Ev­ery day at grass is bonus but...

Irish Examiner - Farming - - GENERAL FARMING - An­thony O’Con­nor, Tea­gasc Ad­viser, Gal­way/Clare Re­gional Unit

Ev­ery day you ex­tend the graz­ing sea­son is a bonus. How­ever, with grass rapidly dwin­dling, don’t let stock lose con­di­tion by leav­ing them out too long.

Avoid poach­ing of fields, at all costs.

Aim to have 60% of the farm grazed out by early Novem­ber, and have most stock housed by late Novem­ber. Fields closed in late Novem­ber will not have a sup­ply of grass avail­able un­til late March or early April. Sup­ple­ment stock at grass with con­cen­trates, where nec­es­sary.

Graze pad­docks down to 4cm and close. Wean­lings, cull ewes etc can graze out pad­docks. House heav­i­est stock first (dry suck­ler cows, un­fin­ished beef cat­tle).

Fod­der sup­ply

With many farm­ers hav­ing housed some stock early due to weather con­di­tions, there is a need to mon­i­tor fod­der stocks care­fully. Com­plete a sim­ple fod­der bud­get for your farm.

If a short­age is pro­jected, you may need to pur­chase ex­tra fod­der or re­duce stock num­bers.

Have a plan in mind to stretch out fod­der stocks.

Grass Te­tany

Suck­ler cows with late-born suck­ling calves can be left out un­til late Novem­ber if they have good grass and dry, un­der­foot con­di­tions. These cows should have ac­cess to mag­ne­sium licks to pre­vent grass te­tany oc­cur­ring.

Re­place­ment heifers

Thrive needs to be main­tained in se­lected re­place­ments af­ter wean­ing. They are the fu­ture of your herd.

The tar­get av­er­age daily gain should be 0.6kg per head/ day.

Con­tinue to feed 1-2kgs per head/day of con­cen­trates af­ter wean­ing.

Your home bred or pur­chased heifers which need to be well de­vel­oped and ro­bust at mat­ing time next year (weigh­ing at least 370kg to 430kg, de­pend­ing on breed), while calv­ing down at a min­i­mum age of two years. Early turnout be­fore breed­ing for lighter re­place­ment heifers needs to be con­sid­ered. If you are in­volved in the BDGP, these re­place­ments should have a four star or five star rat­ing on the ICBF Eurostar Re­place­ment In­dex.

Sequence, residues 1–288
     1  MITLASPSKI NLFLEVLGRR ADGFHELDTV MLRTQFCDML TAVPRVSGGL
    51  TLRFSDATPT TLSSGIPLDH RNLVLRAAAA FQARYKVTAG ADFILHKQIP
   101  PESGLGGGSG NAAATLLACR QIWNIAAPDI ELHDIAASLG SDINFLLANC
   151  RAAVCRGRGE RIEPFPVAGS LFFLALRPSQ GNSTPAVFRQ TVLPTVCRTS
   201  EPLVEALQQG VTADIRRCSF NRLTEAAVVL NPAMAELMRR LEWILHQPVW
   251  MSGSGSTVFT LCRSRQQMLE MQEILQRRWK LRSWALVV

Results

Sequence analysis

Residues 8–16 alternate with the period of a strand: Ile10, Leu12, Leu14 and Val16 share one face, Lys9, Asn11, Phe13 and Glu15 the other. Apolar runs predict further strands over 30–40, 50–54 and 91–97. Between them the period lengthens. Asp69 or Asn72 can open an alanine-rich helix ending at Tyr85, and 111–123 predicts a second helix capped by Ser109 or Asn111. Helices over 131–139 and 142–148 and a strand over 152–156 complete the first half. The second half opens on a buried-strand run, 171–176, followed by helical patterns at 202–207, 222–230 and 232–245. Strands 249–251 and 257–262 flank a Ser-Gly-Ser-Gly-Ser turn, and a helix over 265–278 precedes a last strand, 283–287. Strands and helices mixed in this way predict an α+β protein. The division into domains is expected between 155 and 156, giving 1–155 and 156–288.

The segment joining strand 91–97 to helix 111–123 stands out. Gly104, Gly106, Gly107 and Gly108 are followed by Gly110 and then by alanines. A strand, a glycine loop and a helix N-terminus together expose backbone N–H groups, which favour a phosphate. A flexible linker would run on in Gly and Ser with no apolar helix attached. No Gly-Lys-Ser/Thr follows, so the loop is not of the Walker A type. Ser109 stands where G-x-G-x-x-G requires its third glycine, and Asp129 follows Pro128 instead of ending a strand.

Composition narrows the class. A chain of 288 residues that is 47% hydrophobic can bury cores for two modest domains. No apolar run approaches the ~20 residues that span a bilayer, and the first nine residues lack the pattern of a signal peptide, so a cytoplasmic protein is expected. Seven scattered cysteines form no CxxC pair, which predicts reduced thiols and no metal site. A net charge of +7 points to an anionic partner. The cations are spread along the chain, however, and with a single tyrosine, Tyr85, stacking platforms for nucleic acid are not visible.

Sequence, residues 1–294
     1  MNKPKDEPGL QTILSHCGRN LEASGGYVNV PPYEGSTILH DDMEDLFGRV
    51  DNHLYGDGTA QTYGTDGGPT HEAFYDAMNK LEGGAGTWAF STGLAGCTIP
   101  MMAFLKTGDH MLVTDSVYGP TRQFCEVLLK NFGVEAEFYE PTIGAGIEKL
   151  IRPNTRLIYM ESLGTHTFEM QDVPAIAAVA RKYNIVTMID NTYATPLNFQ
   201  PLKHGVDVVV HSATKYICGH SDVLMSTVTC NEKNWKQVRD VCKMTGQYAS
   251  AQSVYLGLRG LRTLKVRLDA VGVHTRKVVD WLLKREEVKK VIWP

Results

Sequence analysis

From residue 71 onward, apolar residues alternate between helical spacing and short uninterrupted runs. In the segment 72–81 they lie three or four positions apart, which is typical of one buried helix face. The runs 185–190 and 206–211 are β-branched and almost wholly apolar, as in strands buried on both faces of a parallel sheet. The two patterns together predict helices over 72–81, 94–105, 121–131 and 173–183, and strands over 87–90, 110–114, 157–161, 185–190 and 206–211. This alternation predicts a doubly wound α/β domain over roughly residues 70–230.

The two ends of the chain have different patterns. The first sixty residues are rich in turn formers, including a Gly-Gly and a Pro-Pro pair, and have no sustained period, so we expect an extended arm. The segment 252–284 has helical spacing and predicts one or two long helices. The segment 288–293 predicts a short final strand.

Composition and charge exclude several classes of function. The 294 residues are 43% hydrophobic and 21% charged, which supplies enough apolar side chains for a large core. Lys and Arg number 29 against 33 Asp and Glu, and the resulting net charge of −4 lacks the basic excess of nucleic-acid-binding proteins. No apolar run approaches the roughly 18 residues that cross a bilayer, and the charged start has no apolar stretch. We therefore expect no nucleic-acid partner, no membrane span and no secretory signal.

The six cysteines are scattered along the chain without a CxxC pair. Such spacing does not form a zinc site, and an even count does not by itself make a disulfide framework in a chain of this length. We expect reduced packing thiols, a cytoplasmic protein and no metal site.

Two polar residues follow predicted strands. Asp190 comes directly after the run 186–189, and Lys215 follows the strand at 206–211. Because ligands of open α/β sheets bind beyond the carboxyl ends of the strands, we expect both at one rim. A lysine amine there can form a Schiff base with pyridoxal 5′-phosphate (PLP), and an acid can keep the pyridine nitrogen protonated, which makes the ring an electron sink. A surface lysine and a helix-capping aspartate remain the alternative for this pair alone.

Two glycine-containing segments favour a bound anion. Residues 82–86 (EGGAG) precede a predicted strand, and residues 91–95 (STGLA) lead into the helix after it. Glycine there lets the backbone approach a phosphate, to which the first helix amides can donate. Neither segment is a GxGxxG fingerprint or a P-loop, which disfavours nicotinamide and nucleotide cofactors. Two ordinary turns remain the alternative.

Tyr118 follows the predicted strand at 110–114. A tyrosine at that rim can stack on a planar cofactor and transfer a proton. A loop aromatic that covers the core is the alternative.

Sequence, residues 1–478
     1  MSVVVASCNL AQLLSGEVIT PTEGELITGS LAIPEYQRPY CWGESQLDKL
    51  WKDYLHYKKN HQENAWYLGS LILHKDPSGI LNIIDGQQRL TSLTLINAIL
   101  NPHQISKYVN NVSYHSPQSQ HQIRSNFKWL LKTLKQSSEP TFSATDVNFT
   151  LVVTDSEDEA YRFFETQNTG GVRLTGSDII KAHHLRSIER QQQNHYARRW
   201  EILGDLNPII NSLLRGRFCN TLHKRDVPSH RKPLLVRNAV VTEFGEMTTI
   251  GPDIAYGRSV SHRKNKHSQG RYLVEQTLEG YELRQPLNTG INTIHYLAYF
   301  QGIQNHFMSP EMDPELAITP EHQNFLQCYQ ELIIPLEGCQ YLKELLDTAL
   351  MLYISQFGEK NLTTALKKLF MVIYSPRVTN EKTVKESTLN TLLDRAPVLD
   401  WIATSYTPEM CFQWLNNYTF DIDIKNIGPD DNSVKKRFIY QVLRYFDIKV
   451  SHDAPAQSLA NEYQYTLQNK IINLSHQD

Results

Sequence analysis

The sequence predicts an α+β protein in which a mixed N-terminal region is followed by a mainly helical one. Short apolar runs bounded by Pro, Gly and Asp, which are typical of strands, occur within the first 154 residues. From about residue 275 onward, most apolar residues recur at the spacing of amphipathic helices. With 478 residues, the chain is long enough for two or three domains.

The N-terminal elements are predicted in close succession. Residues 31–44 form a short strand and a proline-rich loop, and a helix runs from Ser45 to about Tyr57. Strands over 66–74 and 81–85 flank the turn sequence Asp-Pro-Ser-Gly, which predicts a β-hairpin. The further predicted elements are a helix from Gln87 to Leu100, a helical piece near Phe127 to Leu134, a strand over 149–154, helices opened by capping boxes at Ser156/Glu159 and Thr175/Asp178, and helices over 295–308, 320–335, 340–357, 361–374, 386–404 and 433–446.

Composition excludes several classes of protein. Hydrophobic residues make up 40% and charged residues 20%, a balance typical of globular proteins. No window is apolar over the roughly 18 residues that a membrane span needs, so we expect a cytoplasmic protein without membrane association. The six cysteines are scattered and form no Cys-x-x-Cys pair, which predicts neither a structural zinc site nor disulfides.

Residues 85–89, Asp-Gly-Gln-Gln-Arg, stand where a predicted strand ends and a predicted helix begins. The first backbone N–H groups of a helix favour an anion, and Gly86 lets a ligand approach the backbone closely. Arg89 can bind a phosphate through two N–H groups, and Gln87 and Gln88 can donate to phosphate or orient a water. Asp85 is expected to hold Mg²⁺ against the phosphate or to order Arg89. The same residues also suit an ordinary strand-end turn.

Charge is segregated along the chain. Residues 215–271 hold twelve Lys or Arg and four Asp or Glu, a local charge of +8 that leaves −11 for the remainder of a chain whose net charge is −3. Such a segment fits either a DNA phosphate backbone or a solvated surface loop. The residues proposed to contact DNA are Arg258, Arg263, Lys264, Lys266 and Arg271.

Beef cat­tle

For steers/cull cows, at grass, that are within 10kg to 20kg of slaugh­ter weight, con­tinue to feed 3kg-4kg per head/day of a high-en­ergy, low-pro­tein ra­tion. Con­cen­trate feed­ing will in­crease car­case weight, con­for­ma­tion score and the kill out per­cent­age.

Aim to have cat­tle less than 30 months, graded at R3 or R4, at slaugh­ter. Con­sider sell­ing any un­der­fin­ished an­i­mals at the mart.

Fin­ish­ing in­doors

Un­fin­ished beef cat­tle which have been on meal at grass can be housed and fed con­cen­trates ad lib.

This gives a very high daily gain in the short term. These cat­tle should be fit to slaugh­ter within two months.

PhD for young stock

Wean­lings will ben­e­fit from a PhD, a Pre-hous­ing Dose, given 2-3 weeks prior to hous­ing. Use an Aver­mectin based prod­uct. These prod­ucts pro­vide resid­ual cover for a pe­riod of 3-6 weeks. Giv­ing a PhD 2-3 weeks be­fore hous­ing will en­sure all an­i­mal’s lungs are in a healthy con­di­tion prior to the high stress hous­ing pe­riod.


All stock to be over­win­tered need to be treated for liver fluke, hoose, worms and lice. Con­sult your vet on the most suit­able prod­uct to use. All stock should be treated for fluke in­fec­tion 14 days af­ter hous­ing.

For young stock, such as wean­lings, use a ve­teri­nary prod­uct that will kill early im­ma­ture fluke, im­ma­ture fluke and adult fluke. De­pend­ing on what prod­uct is used on your herd, it may be nec­es­sary to treat again against all stages of liver fluke in eight to 10 weeks’ time.


Ap­ply any lime re­quired on the ba­sis of a soil test now, while weather and ground con­di­tions al­low. Lime will un­lock any N, P, and K in the soil, mak­ing them avail­able for plant growth.


Soil sam­ple re­sults in­di­cate low lev­els of P and K on farms. Both are es­sen­tial for plant growth, for the up­take and util­i­sa­tion of ni­tro­gen by grass plants.

En­sure you have a cor­rect bal­ance of P, K and lime on your farm.

Tak­ing soil sam­ples and fol­low­ing the rec­om­men­da­tions of your Tea­gasc ad­viser or agri­cul­tural con­sul­tant will achieve this, while con­trol­ling fer­tiliser costs by pin­point­ing fields that have a deficit/sur­plus of P and K.

Garda Tom Bros­nan, PSV Of­fice, Ban­don, ad­vis­ing on agri­cul­tural ve­hi­cle and trailer use on the pub­lic roads at last week’s Tea­gasc/Health and Safety Author­ity farm safety prac­ti­cal event in the Clon­akilty Agri­cul­tural Col­lege, Co Cork.

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